Her eye brows rose in astonishment.

“What on earth for?”

“After Kristallnacht…I needed to…know…her powers might have told me, Lila, if our son, Richard, was safe.”

Lila sat down and asked softly: “And… you really believe she is able to do that… better than our contacts in London?”

He pulled out his chair and sat down and reached across the table and placed both her hands in his.

“No, not really,” he confessed, “but we’ve heard nothing and I really didn’t think a visit would do any harm.”

She withdrew her hands from his and looked at him long and hard.

“Should I be worried about you?” she asked with a disconcerting look. “It’s not like you to cavort with the likes of her. My god! She’s been in jail. She’s known for swindling gullible people. Where’s your head, Sandy?”

“I’m neither cavorting nor gullible and my head‘s right where it should be.” When he saw she was about to interject he held up his hand to stop her. “First off, she’s never been jailed. She was arrested for fortune telling but that case was thrown out due to lack of evidence.”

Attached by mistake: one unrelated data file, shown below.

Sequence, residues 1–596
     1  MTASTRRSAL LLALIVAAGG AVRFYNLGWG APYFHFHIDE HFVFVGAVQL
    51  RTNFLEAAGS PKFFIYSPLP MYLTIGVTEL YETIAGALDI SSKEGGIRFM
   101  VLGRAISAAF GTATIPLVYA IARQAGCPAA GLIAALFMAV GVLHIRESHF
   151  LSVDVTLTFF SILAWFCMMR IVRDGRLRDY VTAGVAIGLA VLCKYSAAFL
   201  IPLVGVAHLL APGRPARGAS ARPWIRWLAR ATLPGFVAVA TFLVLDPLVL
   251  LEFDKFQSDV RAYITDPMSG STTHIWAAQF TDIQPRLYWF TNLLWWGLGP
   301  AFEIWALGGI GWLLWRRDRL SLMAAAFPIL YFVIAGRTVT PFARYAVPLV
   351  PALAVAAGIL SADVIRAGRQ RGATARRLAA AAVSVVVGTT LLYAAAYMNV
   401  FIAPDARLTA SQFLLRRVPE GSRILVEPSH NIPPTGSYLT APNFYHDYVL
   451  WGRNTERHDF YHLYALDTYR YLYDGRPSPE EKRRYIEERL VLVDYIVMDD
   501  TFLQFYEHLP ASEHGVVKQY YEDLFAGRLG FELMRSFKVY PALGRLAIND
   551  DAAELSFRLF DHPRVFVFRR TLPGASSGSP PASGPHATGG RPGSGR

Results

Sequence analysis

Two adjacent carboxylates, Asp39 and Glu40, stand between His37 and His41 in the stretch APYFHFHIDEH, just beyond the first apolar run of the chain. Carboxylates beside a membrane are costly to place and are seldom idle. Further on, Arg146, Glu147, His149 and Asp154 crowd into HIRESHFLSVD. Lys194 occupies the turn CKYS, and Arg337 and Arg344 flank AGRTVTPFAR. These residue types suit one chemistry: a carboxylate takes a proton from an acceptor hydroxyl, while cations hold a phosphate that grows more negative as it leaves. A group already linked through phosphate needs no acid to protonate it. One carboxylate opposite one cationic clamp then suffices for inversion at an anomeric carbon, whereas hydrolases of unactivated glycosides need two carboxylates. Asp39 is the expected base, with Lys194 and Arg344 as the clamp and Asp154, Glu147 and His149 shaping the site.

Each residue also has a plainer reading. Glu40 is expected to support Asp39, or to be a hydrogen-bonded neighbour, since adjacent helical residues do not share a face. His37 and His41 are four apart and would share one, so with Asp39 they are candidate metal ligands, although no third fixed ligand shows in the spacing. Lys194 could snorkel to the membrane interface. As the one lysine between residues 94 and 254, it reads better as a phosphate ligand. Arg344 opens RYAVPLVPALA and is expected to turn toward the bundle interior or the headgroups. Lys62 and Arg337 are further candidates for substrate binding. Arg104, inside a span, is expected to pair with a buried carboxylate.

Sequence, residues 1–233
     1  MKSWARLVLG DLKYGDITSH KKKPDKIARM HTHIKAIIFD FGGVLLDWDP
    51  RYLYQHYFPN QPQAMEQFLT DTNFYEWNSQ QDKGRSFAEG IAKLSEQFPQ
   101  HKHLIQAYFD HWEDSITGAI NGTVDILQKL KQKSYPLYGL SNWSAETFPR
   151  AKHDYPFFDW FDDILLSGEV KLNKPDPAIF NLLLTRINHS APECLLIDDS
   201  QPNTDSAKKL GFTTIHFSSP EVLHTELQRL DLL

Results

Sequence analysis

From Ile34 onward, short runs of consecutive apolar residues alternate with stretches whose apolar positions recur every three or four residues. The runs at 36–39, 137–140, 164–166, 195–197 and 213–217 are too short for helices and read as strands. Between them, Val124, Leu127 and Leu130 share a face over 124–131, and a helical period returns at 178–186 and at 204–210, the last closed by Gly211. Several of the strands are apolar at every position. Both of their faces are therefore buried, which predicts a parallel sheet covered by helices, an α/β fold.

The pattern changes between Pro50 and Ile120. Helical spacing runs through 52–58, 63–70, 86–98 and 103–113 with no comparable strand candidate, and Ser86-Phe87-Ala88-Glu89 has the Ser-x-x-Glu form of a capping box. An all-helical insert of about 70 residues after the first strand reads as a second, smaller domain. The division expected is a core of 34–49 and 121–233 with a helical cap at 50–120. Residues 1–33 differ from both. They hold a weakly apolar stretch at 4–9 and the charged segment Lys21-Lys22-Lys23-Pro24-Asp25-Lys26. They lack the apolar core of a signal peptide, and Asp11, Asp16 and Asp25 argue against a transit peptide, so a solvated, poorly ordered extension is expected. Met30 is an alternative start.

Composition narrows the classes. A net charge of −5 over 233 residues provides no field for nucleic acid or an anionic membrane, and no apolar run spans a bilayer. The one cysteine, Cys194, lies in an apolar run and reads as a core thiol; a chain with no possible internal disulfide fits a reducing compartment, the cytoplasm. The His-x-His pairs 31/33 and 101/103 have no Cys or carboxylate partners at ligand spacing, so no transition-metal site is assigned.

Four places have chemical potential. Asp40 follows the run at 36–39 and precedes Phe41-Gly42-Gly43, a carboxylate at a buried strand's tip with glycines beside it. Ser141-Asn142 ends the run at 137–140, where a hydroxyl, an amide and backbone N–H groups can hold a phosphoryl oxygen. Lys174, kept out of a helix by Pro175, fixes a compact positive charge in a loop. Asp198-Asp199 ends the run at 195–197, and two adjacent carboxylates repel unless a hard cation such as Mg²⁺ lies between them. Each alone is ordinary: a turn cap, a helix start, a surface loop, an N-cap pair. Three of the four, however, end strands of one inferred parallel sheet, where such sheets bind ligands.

“Sandy, you should hear yourself talk. No matter, it’s how the community sees her. It would not be good for your career if anyone found out. Surely, you know how quickly gossip travels in this community.”

“No one will find out. That’s why I went so early in the morning.”

He shifted uneasily in his chair.

“Lila, when have you known me to turn my back on a possible resource to help solve a crime, no matter how strange the resource may be?”

“So it’s a crime now not hearing from our son?” Lila crossed her arms tightly across her chest as she sat straight up in her chair.